“Designmatters is about putting knowledge into action,” says Art Center Vice President Mariana Amatullo, co-founder and head of the Designmatters Department. “It’s about fostering future creative leaders with the commitment, aspiration and knowhow to be catalysts for social change and innovation.” Designmatters pursues strategic partnerships, collaborations and sponsored projects that position designers and artists as catalysts of social change. Whether they’re creating educational campaigns to end gun violence in our local communities, raising awareness about the human rights of young girls around the

world, or implementing innovative design solutions for safe water access for slum dwellers in Chile, Peru and Colombia—our students are combining their remarkable talents with their strong desire to make a positive impact. In recognition of Designmatters’ extraordinary service to society, Art Center was awarded status as a Nongovernmental Organization (NGO) by the United Nations —the first art and design school to receive this designation.


While an Illustration student, Ariel Lee (above) created the award-winning children’s book Mark and the Jellybean Monster as part of Uncool: The Anti-Gun Violence Project, a Designmatters initiative with outreach through public schools and libraries.

A curriculum for change In 2010, we sharpened our curricular focus on design for social impact by introducing the Designmatters Concentration, which allows you—regardless of your major—to couple your desire for creative excellence with your passion for making a difference.

Safe Agua Peru completely changed the trajectory of my educational career. The experience galvanized me into becoming the type of designer who sees the importance and value of social impact design. ALEX CABUNOC — PRODUCT DESIGN ALUMNUS (DESIGNMATTERS CONCENTRATION)

With our new Artmatters Concentration, you can engage in a course of study that reconsiders the purpose of both fine art and applied arts beyond aesthetics and commerce. As a student, you may elect this course of study—again, regardless of your major—to explore the role of art and its ability to confront a range of social issues.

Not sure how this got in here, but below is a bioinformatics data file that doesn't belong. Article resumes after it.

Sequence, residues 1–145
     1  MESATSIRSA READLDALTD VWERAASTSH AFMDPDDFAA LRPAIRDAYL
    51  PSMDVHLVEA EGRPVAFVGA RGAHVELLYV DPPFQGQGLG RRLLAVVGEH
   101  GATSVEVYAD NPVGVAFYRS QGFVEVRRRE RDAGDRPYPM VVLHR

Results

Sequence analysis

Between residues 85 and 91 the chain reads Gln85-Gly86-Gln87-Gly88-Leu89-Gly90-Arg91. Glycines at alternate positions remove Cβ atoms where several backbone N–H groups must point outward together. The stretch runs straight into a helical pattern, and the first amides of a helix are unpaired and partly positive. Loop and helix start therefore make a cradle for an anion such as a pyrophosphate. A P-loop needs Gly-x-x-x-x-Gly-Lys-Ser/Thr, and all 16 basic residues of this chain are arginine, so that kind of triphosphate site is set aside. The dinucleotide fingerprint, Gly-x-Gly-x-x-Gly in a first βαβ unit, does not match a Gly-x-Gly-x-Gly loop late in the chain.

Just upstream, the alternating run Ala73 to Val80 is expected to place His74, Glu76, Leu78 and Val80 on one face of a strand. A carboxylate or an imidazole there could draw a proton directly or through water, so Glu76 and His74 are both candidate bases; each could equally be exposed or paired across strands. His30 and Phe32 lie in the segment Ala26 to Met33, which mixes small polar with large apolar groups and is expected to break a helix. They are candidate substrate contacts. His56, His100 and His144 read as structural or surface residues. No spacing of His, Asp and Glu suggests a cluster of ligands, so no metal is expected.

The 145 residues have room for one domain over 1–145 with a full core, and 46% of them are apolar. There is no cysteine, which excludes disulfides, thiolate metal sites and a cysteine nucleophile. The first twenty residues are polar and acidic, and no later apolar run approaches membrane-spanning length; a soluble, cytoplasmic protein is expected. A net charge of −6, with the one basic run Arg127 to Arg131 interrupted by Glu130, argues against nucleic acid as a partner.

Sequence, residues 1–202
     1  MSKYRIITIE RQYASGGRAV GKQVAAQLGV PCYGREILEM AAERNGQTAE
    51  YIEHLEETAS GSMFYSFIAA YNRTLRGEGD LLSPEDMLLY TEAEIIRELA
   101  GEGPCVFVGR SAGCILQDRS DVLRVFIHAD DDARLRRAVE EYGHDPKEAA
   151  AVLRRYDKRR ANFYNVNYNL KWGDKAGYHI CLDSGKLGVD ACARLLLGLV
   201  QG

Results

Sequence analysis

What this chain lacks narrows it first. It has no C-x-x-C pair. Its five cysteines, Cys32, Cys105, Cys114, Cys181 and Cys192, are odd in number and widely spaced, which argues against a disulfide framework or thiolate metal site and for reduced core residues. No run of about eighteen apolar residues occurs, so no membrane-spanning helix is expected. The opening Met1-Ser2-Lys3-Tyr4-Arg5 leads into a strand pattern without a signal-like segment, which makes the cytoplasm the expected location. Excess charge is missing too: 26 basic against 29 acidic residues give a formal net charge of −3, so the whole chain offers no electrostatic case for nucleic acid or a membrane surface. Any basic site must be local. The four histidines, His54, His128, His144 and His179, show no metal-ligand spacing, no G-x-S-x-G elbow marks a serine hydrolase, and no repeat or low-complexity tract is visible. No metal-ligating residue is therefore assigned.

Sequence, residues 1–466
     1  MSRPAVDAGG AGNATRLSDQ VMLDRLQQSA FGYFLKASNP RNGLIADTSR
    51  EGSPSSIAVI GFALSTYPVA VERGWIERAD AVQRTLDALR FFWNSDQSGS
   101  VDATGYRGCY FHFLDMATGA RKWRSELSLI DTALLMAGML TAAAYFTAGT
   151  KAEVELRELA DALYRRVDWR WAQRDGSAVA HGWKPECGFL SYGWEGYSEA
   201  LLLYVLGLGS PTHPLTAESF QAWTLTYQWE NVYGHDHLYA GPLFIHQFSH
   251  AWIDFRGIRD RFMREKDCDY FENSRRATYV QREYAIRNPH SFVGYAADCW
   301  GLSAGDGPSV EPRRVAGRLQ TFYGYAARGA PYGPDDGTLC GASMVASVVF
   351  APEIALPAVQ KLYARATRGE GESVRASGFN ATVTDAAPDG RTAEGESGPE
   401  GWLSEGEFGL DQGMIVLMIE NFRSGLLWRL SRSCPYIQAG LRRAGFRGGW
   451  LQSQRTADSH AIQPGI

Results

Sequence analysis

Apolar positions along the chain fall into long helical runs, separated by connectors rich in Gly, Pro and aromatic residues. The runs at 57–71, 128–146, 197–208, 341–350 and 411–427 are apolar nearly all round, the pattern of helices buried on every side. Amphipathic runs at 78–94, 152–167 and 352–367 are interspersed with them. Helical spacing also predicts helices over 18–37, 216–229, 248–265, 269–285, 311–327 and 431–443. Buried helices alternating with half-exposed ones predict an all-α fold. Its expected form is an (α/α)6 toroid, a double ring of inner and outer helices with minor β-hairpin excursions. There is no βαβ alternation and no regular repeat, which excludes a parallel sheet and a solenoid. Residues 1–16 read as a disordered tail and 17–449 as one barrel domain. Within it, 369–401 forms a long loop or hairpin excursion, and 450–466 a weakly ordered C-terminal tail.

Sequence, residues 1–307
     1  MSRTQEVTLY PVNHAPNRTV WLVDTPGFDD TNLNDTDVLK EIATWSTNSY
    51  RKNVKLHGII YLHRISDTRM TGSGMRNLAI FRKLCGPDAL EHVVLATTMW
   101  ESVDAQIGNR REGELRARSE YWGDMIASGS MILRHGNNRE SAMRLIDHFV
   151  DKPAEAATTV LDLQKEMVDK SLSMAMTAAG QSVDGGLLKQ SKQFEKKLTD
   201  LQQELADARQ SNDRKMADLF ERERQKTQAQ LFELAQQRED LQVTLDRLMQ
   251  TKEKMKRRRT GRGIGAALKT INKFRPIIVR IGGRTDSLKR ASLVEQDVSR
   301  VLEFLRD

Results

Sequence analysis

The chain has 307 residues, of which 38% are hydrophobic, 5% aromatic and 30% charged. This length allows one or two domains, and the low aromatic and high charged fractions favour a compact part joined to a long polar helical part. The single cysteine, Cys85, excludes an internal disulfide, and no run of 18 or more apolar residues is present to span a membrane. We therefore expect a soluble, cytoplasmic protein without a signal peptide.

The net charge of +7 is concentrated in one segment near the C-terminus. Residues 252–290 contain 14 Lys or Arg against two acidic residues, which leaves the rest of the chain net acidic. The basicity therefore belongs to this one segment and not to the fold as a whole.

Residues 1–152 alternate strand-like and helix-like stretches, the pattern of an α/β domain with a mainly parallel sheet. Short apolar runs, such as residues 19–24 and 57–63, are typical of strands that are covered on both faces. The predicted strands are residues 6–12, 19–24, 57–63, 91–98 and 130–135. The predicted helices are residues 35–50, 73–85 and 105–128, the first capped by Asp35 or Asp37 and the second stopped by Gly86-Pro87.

And our Media Design Practices (MDP) graduate program partners with Designmatters to tackle complex projects in which social issues, media infrastructure and communication technology intersect. MDP/Field track students do international field work in partnership with organizations in the Global South. For example, students recently developed projects in collaboration with UNICEF’s Innovation Lab in Kampala, Uganda. With a growing array of Designmatters projects realized, underway and in the planning stages—both around the corner and around the world—we’ve proven that our methodologies have real impact. Today, we are also leading the way in establishing social innovation design as a critical discipline unto itself.

31


ARTCENTER.EDU

ART CENTER COLLEGE OF DESIGN 2015–2016

Social Impact

32


Working in close collaboration with some of Colombia’s poorest families, students designed new tools, products, systems and methods of storing, utilizing, transporting and conserving water in order to help break the cycle of poverty. Safe Agua Colombia followed on similar projects in Chile and Peru.


ART CENTER COLLEGE OF DESIGN 2015–2016

Social Impact

An expanding world of opportunities

34

ARTCENTER.EDU

Can design propel social change? Art Center is part of a growing community actively committed to strengthening the ways that it can and does.

Design has huge power and potential to drive conversations around issues much broader than simply aesthetics or commerce. JOHN RYAN — MEDIA DESIGN PRACTICES ALUMNUS

Many of our students participating in social impact design projects discover a path they feel compelled to pursue long after their education is complete. The growing number of these students led Art Center, after 15 years at the forefront of educating